Discussion paper

DP16212 The Impact of Institutions on Innovation

We study the impact of inclusive institutions on innovation using novel, hand-collected, county-level data for Imperial Germany. We use the timing and geography of the French occupation of different German regions after the French Revolution of 1789 as an instrument for institutional quality. We find that the number of patents per capita in counties with the longest occupation was more than double that in unoccupied counties. Among the institutional changes brought by the French, the introduction of the Code civil, ensuring equality before the law, and the promotion of commercial freedom through the abolition of guilds and trade licenses had a stronger effect on innovation than a reform that increased labor market mobility and an agricultural reform that broke up the power of rural oligarchs. We also document that the effect of institutions on innovation was particularly pronounced for high-tech innovation and that the increase in patenting activity due to better institutions translated into higher economic growth. Our findings highlight inclusive institutions as a first order determinant of innovation.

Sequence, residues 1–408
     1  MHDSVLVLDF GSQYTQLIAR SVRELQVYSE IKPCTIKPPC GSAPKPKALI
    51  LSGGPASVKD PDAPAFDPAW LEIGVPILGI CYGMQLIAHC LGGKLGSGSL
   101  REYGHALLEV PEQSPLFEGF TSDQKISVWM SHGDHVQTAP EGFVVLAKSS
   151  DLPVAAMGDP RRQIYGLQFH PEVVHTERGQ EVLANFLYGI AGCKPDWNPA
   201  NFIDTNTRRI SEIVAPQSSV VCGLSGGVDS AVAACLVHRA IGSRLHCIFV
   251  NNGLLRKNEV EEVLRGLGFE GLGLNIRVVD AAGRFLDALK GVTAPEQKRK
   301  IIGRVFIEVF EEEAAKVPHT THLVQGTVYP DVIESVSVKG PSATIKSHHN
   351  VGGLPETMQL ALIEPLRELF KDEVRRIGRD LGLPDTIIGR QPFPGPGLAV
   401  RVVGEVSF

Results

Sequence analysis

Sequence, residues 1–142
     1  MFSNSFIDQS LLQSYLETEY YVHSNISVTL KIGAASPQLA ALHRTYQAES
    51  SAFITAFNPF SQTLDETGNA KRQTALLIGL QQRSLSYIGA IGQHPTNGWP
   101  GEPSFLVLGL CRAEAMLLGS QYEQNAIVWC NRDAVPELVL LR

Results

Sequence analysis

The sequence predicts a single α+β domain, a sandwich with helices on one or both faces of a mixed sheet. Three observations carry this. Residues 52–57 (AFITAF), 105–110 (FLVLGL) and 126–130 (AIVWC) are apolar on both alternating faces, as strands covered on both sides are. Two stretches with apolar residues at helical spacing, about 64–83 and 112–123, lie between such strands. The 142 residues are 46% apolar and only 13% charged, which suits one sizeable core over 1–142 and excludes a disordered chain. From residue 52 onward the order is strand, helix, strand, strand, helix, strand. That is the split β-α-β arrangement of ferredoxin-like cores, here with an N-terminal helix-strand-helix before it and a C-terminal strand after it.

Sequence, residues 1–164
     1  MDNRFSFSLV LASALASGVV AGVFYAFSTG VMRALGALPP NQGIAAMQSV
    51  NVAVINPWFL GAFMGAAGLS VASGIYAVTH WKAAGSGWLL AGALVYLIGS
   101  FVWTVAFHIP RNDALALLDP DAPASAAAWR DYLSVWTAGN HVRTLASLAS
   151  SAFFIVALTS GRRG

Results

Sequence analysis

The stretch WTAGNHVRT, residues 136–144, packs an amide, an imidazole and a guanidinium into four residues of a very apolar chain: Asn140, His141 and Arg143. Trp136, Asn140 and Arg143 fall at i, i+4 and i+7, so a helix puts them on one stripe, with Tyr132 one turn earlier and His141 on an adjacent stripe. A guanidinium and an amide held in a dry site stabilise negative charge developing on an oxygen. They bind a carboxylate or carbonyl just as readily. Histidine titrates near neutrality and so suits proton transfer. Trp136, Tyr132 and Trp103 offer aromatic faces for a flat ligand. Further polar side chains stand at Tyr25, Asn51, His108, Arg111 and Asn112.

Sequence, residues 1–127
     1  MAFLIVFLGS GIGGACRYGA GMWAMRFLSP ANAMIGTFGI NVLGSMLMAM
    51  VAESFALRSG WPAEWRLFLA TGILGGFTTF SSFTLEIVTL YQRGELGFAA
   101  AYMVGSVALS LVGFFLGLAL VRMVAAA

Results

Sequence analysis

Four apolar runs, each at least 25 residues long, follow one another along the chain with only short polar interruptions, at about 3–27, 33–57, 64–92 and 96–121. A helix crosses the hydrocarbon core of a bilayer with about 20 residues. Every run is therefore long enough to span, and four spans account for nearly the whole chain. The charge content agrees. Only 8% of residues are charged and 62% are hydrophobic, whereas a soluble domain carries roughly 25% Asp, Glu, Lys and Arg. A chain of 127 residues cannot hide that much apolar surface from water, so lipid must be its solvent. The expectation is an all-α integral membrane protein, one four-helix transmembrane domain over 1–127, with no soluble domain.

Donges, A, J Meier and R Silva (2021), ‘DP16212 The Impact of Institutions on Innovation‘, CEPR Discussion Paper No. 16212. CEPR Press, Paris & London. https://cepr.org/publications/dp16212